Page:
He wasn’t a bad guy. The book in his pocket was about philosophy and he read it when no one at the club interested him much. We talked about gay history and body language, although he couldn’t read much of what mine was telling him. In fact, he was a very nice guy but I wouldn’t allow him to put his arm around me. I didn’t trust him and he said that was ok, but then we said goodbye. My friend had come downstairs to pick me up.

I could have had another kind of adventure instead of couch surfing, I might be in somebody’s bed. Waiting out the darkness might have been a little bit warmer.

S.O.S. New York Part 2

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I think you’re going to need those.” the bouncer said, looking at the ground. Three golden condoms laid in plain sight until I grabbed them to stuff into my pocket. They had come out conveniently with my I.D. that proved I was old enough to go into the club, Ritz.

“Thanks.” I said and went in. I touched my cheeks that felt warm from the waves of embarrassment. Getting laid was actually the furthest thing from my mind. I wouldn’t be able to reach the stoop of someone’s apartment before I’d begin to have regrets.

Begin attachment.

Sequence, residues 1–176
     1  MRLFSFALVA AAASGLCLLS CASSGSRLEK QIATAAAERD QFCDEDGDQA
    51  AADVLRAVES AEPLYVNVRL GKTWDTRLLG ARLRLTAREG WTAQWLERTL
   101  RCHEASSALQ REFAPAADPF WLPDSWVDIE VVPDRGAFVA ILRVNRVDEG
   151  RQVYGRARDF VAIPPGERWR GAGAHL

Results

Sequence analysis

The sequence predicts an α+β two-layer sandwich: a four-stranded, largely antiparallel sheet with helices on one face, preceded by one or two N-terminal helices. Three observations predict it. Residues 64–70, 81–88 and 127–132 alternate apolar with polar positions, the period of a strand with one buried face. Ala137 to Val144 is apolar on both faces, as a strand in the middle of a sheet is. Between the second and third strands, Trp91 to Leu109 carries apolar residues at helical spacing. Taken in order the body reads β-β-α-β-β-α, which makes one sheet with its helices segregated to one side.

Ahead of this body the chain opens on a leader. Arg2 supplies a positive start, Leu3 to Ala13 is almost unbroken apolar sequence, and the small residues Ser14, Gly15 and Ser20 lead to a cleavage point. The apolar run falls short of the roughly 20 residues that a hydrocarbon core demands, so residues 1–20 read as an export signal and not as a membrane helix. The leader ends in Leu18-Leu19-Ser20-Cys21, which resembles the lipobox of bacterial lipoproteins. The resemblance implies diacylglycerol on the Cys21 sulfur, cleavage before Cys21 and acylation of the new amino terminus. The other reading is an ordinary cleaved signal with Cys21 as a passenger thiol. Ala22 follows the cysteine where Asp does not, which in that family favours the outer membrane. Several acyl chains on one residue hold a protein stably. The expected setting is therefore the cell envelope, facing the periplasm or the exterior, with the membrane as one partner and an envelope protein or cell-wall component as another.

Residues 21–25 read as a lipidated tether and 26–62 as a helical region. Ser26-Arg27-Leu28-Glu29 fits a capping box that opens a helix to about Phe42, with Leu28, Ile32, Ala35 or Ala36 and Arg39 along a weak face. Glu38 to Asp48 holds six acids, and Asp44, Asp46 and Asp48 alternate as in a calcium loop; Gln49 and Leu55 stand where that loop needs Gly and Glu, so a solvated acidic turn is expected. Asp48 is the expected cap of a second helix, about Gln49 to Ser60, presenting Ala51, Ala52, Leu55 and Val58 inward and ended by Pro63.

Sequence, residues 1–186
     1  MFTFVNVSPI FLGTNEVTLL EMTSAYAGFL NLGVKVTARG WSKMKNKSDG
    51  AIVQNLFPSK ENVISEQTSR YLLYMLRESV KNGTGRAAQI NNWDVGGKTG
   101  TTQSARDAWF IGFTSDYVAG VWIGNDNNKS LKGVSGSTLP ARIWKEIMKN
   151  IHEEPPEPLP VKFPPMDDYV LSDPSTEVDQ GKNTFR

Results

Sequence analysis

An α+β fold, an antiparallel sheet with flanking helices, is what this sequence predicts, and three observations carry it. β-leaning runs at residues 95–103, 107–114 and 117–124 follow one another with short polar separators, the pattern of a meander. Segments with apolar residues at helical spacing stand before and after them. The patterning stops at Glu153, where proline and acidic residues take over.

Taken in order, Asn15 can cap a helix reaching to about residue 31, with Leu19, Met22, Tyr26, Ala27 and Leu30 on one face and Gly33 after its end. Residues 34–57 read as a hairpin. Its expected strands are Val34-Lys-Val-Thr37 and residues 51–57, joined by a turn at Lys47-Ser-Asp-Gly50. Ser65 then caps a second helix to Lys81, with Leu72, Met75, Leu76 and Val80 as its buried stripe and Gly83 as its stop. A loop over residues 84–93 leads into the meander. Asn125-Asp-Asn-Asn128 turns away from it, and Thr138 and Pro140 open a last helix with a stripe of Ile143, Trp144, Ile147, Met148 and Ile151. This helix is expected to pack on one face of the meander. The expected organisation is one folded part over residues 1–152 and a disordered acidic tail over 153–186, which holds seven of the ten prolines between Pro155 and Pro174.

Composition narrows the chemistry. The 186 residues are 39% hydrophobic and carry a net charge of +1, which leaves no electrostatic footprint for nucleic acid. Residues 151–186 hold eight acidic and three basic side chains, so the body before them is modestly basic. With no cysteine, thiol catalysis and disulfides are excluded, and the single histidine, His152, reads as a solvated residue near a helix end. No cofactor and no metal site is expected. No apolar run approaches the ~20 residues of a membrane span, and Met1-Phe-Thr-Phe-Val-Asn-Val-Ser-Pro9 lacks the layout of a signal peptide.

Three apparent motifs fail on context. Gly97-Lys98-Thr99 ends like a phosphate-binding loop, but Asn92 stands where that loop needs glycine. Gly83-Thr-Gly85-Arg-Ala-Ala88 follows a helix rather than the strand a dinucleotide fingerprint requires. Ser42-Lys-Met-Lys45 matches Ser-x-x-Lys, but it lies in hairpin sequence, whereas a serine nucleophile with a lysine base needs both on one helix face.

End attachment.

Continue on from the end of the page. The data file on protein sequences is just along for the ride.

I pushed the rubbers all the way down until I felt their corners nibbling at my leg. Everywhere I looked were sexy-looking-men. Round and lean bodies that glowed in the darkness of the club. I needed to get closer.

Walking down a narrow hallway, the beat of music tumbled, chests balanced against one another, and I wound up in the middle of the dance floor. Men spun around me and spilling their beers, I wanted to be as carefree. I swayed side to side but the rhythm of music swam right past me. How do I do this? I must have mouthed the words because I noticed a pair of twinkling eyes staring at me. They belonged to a guy that was dancing with a bunch of people. Friends. He nodded for me to come over.71Qwx0Q4eaL._AA1000_